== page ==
They knocked on my front door on a Monday evening at the typical time: shortly after our dinner table had been cleared and just before our kids’ bedtime.*
I had not met the two young men who stood on my porch, but I quickly learned one was from Sacramento and the other from Salt Lake City. One introduced himself with the title of Elder, the other with only his first name. While they talked, my daughter gripped my hand and pirouetted from time to time. This wasn’t new to her either.
Visitors from the Church of Jesus Christ of Latter-day Saints have made it a habit to stop by our home. A few years ago, my wife and I invited a small group of missionaries into our home to discuss their faith in greater depth. This led to a series of meetings over several months and gave me the chance to participate in an Alpha course with a couple from the local LDS ward. The missionaries from that first meeting have returned to their respective hometowns, but the cycle of visitations is now continuing. New faces, new introductions, but very similar interactions.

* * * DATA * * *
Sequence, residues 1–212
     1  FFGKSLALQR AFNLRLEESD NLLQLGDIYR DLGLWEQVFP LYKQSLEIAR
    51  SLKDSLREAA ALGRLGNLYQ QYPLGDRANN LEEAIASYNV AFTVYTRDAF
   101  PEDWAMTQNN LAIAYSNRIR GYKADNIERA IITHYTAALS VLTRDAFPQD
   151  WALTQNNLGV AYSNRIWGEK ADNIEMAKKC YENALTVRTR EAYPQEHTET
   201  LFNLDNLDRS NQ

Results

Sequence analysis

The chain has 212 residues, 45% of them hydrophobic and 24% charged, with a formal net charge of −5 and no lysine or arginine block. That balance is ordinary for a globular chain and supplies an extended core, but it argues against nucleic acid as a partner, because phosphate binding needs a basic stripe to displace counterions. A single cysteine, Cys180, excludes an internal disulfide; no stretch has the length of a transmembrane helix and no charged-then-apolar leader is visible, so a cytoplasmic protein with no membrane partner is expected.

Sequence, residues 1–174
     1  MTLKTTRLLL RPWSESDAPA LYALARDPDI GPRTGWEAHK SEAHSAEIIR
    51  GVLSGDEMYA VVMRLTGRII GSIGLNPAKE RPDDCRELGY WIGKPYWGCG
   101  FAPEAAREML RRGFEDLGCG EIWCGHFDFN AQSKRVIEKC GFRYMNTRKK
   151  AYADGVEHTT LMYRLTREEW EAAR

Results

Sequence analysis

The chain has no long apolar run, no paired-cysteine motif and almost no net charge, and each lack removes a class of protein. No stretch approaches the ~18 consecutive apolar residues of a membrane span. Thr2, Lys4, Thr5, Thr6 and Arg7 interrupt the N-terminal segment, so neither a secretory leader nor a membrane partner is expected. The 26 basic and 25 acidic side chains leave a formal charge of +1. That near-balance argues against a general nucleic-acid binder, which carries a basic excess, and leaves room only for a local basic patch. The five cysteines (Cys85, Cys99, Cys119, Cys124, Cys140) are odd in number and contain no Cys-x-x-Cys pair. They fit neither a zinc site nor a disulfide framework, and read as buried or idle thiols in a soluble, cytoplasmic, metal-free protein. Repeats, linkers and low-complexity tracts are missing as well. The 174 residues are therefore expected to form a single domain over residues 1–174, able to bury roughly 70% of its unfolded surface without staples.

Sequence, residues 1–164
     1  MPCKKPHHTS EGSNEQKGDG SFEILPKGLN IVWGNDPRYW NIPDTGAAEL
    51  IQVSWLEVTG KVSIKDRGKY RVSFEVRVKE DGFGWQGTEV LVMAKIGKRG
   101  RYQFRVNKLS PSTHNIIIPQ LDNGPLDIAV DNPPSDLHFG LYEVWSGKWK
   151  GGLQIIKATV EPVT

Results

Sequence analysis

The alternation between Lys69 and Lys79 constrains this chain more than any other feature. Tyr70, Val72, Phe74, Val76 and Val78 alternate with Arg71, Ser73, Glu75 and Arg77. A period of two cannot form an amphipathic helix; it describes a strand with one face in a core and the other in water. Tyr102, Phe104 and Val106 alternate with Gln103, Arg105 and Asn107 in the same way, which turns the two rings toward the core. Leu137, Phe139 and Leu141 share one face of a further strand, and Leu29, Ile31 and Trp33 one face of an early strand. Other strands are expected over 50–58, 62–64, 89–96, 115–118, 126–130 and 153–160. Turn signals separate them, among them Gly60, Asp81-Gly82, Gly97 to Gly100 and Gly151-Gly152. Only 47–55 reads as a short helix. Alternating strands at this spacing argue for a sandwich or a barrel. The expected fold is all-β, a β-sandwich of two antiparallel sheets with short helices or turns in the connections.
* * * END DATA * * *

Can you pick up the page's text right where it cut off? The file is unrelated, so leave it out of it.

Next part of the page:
After I bid them farewell, I collected my thoughts and reflected on how it felt to be an “outsider”—the person perceived to need the faith being presented. Many times, Christians try to think with this mentality so they can communicate the gospel message more effectively. But thinking from a certain perspective is much different than experiencing it firsthand.
Here’s what I learned from my latest interaction:
They came with a purpose
Pranks aside, people don’t knock on doors without a reason. Salespeople want me to change my gas or internet provider, my neighbour asks me for a favour, my friend arrives and doesn’t want to barge in. There’s always a reason for knocking.